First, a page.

Here in Virginia, Interior Secretary Ken Salazar refuses to hold offshore oil and gas Lease Sale 220, despite strong bipartisan support from Governor McDonnell and Virginia’s congressional delegation.
Meanwhile, the National Academy of Sciences (which is alarmist about manmade catastrophic climate change) has warned Virginia of possible serious environmental and safety concerns should it mine rich uranium deposits near Danville. These environmental concerns can be dramatically reduced with proper mining techniques. The NAS specifically cited hurricane risks – a rare occurrence in southwest Virginia.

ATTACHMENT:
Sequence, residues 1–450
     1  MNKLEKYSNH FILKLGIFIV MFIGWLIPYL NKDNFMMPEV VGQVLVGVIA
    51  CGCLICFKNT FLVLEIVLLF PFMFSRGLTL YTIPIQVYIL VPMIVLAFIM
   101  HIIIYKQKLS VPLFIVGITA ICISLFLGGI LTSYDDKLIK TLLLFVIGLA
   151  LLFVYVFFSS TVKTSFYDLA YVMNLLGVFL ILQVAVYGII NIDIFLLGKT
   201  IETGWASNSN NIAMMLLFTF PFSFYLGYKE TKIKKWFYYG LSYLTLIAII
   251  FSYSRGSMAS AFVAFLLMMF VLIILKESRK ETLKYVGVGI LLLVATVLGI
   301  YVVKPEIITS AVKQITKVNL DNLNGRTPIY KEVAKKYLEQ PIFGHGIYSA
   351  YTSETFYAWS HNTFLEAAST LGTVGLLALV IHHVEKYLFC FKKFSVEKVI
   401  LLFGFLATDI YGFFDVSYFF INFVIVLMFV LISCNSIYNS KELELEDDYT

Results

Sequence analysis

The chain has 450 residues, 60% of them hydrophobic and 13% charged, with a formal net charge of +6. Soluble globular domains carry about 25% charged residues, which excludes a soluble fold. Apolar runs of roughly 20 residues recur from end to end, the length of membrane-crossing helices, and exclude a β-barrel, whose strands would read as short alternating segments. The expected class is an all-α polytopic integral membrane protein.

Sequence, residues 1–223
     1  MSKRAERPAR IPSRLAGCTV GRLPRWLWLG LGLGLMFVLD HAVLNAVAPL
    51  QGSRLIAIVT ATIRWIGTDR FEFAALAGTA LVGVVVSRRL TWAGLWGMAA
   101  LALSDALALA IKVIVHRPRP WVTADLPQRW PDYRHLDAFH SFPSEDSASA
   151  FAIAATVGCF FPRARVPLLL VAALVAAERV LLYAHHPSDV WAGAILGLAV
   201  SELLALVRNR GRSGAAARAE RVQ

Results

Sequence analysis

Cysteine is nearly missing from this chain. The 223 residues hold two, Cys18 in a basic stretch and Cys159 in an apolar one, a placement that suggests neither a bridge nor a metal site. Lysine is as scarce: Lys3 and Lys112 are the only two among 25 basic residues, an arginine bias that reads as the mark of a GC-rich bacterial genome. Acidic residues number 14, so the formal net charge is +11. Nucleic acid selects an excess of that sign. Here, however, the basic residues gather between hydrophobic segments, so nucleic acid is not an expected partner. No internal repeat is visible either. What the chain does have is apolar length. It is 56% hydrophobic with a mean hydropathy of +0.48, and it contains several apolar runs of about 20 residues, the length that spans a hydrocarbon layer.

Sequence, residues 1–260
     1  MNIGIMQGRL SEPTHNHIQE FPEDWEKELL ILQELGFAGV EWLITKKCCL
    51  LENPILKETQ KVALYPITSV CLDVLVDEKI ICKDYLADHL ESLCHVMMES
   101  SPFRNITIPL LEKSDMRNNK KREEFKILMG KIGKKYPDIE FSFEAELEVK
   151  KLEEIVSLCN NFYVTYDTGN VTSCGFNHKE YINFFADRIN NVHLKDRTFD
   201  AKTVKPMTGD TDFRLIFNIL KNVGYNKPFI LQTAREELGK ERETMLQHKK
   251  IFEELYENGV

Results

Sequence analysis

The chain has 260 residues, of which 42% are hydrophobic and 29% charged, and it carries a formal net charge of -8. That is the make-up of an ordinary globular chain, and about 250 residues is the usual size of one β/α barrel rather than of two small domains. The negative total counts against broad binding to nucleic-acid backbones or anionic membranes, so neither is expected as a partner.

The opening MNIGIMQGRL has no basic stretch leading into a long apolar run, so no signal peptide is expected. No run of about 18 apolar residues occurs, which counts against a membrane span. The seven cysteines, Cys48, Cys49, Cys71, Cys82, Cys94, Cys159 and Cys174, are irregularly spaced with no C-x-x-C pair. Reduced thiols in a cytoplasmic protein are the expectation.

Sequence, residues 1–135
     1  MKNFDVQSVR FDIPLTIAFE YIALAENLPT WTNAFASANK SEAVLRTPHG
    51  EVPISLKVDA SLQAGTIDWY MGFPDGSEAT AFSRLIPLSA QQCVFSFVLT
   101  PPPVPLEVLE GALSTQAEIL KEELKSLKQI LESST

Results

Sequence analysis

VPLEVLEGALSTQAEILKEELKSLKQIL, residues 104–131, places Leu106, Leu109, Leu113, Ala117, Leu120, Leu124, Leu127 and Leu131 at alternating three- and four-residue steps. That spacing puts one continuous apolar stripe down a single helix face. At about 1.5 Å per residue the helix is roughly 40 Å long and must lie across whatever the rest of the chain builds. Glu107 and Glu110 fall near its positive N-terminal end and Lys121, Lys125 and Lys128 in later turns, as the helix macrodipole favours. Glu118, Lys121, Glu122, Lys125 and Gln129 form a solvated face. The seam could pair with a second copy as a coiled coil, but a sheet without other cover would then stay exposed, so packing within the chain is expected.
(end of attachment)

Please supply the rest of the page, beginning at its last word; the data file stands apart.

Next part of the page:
President Obama bowed to EPA and environmentalist pressure when he postponed a decision on the Keystone XL pipeline which would create 20,000 construction jobs and help relieve our dependence on foreign oil.
Now EPA wants 230,000 new bureaucrats to process future carbon dioxide emission permits based on questionable climate chaos models and scenarios. Even our worst nightmares cannot fathom the job-killing compliance costs this would impose on the 6,000,000 businesses these regulations would affect. And EPA hopes to acquire vastly expanded regulatory powers over businesses, communities and ecosystems in the name of “sustainable development.”
Using questionable assertions about catastrophic manmade climate change to justify its actions, EPA is demanding 54.5 mpg fuel economy standards – which will result in thousands of deaths and millions of injuries, as cars are further downsized and plasticized.